I spotted Sam and he told me three were getting knitted up and one was already on the water, so picked up the gear and headed towards the bank, but since the wind was directly on the shore and the larger breakers were sending the slime inland, I put the tripod down a fair way back! It was not long before there were generally at least two out on the lake, and for a change I operated on the basis of shooting as often as I could because with the best will in the world shooting was very hit and miss, because I had to keep one shoulder against the tripod as the wind threatened to blow it over. Also, I had to keep resetting the levelling head as one or more tripod legs dug into the muddy, water- sodden ground — it certainly was not easy keeping the surfers in shot.

Every now and then a squall would come up, and I had to break off to keep my kit safe, but as one passed, I'd be back out and shooting again, also,if my subjects came in close, I would forego the camera on the tripod and shoot handheld, which as I find it hard to accurately synch the two bodies some of the true chronology is awry. I did get a few jumps and sequences, and was reasonably satisfied with what I did capture, but at least half of what I shot was binned, but I am really glad I made the effort, so I hope they give those who had braved the weather some pleasure.

Wednesday, 15 February 2017

Stockwood Discovery – the Gardens and Wildlife Exhibition

One of the first semi-professional Digital camera bodies I bought was the Canon EOS 10D, and at around the same time I bought the 70-300mm Macro for it and now it has been lying dormant in a rawer for some time, only coming out when my daughters' children and I go out with a specific intention to spend the time taking photos.

As a result of finding one of the gardeners at the Stockwood Discovery Centre has been inspired by seeing some of the shots of flowers she has tended, she recently expressed her desire to buy a digital camera for herself and take up the hobby. Since she has generously allowed me unprecedented access to the greenhouse over the last few years, when I learned of her intention I let her know that I would let her have the camera body, memory cards, battery and charger, but that she would need to buy a suitable lens herself.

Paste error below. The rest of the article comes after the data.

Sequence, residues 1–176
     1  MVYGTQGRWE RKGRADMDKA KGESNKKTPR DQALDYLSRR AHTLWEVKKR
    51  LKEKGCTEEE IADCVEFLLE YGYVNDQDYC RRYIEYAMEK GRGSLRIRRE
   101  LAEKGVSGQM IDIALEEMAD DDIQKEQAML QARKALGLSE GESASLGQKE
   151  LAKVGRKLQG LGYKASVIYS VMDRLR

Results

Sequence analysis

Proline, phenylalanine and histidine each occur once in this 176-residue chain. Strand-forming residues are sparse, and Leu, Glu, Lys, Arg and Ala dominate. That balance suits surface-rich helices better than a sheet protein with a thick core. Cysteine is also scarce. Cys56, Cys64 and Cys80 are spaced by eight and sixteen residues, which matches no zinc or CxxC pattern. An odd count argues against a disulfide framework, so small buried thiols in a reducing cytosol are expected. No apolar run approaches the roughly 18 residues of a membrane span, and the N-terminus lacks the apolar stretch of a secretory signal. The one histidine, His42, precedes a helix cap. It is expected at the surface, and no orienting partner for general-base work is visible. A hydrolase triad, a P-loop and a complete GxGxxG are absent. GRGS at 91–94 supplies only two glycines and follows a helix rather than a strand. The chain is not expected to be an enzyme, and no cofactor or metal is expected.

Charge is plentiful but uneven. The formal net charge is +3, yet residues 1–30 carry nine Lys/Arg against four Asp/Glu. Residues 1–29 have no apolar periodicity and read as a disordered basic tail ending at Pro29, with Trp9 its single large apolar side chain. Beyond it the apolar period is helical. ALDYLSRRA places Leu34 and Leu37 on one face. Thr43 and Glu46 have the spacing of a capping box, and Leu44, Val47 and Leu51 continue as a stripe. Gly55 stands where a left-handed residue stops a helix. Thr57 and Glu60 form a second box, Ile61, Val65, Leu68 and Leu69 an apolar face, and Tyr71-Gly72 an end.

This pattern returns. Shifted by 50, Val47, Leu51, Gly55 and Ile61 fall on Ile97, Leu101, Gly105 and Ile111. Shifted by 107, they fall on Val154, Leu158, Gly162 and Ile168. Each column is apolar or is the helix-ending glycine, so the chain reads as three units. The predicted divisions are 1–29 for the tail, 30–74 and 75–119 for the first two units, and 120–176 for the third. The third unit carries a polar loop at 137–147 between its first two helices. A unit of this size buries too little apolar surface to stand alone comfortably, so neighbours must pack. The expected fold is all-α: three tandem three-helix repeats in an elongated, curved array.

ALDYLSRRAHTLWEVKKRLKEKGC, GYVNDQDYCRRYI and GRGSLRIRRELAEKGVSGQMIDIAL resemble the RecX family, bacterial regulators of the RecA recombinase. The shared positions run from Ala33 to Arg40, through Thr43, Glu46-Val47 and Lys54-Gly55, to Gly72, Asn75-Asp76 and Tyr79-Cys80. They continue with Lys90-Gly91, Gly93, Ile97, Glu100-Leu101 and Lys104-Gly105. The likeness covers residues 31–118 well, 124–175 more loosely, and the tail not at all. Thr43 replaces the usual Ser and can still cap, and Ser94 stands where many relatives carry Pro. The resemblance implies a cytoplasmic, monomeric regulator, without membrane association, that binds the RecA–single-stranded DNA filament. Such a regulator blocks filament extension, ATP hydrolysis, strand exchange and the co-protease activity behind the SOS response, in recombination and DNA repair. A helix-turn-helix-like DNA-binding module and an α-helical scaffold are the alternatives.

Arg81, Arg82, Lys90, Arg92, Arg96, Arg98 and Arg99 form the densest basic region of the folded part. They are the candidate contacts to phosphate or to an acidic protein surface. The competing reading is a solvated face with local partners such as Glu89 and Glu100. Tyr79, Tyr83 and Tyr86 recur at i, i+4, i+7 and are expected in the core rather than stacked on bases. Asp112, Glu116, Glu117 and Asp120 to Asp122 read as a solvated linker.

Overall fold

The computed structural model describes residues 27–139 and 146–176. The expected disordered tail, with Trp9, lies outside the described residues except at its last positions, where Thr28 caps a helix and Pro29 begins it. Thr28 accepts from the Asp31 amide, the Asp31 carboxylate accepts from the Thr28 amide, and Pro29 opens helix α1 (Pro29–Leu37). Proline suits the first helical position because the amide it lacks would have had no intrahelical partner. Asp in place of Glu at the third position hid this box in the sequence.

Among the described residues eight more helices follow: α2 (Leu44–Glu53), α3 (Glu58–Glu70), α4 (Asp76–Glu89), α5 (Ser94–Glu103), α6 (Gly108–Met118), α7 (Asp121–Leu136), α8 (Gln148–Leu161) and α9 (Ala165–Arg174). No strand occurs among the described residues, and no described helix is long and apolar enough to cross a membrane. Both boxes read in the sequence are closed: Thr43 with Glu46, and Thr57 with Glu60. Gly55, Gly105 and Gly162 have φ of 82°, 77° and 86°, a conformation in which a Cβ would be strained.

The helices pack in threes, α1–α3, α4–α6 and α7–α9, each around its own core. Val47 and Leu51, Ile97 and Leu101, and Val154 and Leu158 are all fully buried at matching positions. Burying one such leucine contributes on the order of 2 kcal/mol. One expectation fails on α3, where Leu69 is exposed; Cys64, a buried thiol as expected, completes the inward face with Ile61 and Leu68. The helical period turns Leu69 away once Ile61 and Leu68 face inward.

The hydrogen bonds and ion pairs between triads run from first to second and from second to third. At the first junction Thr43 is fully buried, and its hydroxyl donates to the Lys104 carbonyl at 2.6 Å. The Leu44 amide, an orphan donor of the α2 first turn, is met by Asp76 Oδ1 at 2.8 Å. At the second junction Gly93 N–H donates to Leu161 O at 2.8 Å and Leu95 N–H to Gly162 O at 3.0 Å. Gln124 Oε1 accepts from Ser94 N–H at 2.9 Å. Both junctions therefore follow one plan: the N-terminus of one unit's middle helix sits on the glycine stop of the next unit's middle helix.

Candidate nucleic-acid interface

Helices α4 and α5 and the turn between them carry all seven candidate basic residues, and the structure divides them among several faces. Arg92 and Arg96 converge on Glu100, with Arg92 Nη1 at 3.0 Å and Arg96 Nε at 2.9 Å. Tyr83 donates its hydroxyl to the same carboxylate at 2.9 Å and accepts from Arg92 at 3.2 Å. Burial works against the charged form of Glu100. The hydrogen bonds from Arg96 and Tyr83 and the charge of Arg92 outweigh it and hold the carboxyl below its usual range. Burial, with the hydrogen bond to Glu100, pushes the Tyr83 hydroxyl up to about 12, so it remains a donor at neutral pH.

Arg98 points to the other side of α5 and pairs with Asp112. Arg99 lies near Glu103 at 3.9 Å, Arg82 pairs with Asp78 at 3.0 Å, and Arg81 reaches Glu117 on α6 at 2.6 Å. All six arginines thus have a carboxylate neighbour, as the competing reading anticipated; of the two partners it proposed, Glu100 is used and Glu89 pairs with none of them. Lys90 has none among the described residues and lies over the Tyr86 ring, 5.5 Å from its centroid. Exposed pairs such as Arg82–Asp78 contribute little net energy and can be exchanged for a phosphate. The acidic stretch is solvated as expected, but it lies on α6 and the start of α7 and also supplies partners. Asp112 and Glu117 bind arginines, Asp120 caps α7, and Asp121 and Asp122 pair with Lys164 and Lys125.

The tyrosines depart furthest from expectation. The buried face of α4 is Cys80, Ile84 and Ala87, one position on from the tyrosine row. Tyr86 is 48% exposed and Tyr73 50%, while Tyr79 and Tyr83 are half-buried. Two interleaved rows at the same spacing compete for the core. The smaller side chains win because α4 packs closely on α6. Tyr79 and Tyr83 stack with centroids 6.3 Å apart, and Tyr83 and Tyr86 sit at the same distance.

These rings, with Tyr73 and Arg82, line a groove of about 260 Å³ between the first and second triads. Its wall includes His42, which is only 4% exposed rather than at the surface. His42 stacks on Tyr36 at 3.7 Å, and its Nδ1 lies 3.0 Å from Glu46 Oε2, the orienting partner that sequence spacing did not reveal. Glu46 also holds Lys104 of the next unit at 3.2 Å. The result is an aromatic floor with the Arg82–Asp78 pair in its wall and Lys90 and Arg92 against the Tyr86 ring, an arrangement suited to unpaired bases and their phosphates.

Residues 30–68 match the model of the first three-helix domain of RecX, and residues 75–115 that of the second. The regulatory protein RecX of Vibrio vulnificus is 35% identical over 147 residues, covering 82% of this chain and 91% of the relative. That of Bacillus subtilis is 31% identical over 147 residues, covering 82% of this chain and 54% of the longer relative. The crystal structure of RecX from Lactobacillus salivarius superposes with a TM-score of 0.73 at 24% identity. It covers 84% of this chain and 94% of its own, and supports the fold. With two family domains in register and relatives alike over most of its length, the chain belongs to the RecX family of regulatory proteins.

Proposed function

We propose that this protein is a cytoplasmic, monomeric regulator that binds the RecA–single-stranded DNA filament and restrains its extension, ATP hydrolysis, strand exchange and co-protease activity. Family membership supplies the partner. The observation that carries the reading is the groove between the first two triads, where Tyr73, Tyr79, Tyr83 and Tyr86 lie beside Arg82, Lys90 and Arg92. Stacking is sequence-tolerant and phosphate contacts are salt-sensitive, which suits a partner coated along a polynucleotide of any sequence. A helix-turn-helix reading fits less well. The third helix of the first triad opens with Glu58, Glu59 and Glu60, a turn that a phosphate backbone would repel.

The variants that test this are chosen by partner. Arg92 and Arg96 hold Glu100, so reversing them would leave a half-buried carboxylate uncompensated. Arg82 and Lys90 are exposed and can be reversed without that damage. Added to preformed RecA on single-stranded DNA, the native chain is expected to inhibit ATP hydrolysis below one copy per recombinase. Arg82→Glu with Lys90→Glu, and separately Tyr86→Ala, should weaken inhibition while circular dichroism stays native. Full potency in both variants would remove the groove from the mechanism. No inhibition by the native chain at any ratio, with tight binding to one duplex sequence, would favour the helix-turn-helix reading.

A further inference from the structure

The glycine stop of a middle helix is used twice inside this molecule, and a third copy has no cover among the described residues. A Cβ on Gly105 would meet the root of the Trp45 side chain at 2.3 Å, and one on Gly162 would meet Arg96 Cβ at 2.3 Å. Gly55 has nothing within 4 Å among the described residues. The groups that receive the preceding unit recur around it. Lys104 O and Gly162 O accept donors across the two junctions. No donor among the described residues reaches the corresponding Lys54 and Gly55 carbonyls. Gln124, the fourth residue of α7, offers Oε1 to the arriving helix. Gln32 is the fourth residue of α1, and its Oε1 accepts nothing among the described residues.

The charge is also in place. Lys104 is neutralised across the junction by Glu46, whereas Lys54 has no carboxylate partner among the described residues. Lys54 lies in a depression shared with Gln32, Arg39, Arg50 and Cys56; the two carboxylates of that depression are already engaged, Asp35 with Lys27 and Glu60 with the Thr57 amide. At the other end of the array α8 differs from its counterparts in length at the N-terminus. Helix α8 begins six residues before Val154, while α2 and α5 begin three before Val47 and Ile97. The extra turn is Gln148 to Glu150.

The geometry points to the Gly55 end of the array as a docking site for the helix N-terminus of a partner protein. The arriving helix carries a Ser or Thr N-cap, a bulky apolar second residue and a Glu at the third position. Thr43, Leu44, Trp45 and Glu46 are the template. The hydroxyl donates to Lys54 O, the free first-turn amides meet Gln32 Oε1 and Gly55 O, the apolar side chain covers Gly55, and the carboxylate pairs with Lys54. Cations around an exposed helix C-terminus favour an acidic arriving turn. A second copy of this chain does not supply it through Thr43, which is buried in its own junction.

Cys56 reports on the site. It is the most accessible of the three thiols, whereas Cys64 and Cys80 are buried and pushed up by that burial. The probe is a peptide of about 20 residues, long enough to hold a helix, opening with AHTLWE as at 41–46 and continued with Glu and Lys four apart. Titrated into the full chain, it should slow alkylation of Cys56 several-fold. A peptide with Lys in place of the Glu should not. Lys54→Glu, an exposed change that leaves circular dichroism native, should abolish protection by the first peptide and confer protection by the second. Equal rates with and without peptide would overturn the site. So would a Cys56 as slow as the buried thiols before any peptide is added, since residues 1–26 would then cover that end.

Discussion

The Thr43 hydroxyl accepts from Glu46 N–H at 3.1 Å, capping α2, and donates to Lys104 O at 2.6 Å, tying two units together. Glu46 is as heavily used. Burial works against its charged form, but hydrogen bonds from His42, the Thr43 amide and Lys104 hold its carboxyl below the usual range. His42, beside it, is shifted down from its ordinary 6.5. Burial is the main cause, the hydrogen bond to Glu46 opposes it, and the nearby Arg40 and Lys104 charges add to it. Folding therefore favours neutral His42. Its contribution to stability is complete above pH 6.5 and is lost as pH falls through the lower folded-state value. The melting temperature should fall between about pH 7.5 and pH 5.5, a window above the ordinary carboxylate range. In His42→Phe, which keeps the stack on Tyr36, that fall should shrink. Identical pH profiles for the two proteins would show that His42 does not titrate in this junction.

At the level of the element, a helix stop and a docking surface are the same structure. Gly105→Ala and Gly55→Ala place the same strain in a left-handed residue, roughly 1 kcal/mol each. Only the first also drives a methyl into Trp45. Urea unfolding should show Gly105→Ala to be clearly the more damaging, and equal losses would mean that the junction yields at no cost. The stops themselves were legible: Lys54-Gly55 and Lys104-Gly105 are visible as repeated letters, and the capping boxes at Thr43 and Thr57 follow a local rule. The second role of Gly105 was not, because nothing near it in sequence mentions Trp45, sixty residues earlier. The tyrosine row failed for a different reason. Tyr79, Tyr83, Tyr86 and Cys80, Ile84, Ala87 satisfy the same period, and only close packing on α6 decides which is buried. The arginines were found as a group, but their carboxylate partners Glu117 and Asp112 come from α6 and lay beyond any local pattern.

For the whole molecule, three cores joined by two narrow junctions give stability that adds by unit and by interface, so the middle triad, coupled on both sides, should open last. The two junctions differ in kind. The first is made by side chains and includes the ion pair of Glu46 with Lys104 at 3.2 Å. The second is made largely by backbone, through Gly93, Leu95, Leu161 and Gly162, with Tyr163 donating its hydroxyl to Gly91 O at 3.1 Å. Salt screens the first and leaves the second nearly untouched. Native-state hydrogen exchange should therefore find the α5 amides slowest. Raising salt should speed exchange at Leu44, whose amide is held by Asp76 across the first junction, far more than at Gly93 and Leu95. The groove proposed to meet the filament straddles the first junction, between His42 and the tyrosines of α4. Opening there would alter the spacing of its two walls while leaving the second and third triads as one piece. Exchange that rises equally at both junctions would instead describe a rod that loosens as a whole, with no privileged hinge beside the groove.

Today I fulfilled that promise, then took a further wander around the Discovery Centre and learning from her that the British Wildlife Photography Winners' Exhibition was on, I also took a quick look at the images taken by numerous very talented photographers that were on show. Two stood out for me, one incredible shot of a dragonfly emerging from its pupa, the other a simply wonderful underwater shot of a Mallard Duck taking a look beneath the surface at a fish swimming by. I reckoned the standard and variety was even better than last year's submissions.

All the shots I took this morning were using the 24-70mm with Macro facility, and it only let me down very slightly when using it at full aperture at 24mm in the exhibition area; the minimal barrel distortion was corrected in Lightroom when in Develop mode and was a mere +5% which means it would be a few seconds work creating a correction preset for when working on architectural images, which was not really what made me purchase this lens, it was for flowers and leaves where such distortion would never present a problem.

Monday, 13 February 2017

Marsworth – Early Signs of Spring

The first bright day for a while, and fairly warm with it, after three dismally grey days.

I knew I had left it rather late if I thought I might get a chance to take some shots of kingfishers, another photographer whom I had met before had taken some shots before my arrival, but though he stayed a further hour or so, neither of us had any further luck – I did twice see one fly by, so instead I thought I’d try getting a friendly robin to take seeds from my hand. He made three tentative flights toward my hand, but spun away at the last minute; on the fourth he did land, but just as swiftly spun round and again headed back to the nearby branch!

The Mink that lives in the hollow of a nearby tree trunk leapt noisily from the water  early on, and headed home on the surface, then disappeared from view, and a very skittish Grey Squirrel tore along the half-submerged tree trunk and disappeared up a tree to my left. A Wren paid me a fleeting visit and twice a Magpie came for a short spell.

Surprisingly for long periods there was no birdsong at all, just the gentle swishing of the trees interspersed with the noisy flapping of Wood Pigeons, I caught a few glimpses of a Bluetit, but he gave me no chance to get a shot.

I tried in vain to get the Mallard drake to take seeds from my hand, but he did not trust me at all, though if I dropped any seeds, he would dart closer just to grab it, muttering all the while. I left soon after and the couple came up to where I had been sitting and feasted on the seeds I had put down for the Robin. As I returned to my car a shot of a lady and her dog presented themselves in silhouette against the setting sun, as did a different Robin as I walked along the path between Startops and Marsworth lakes.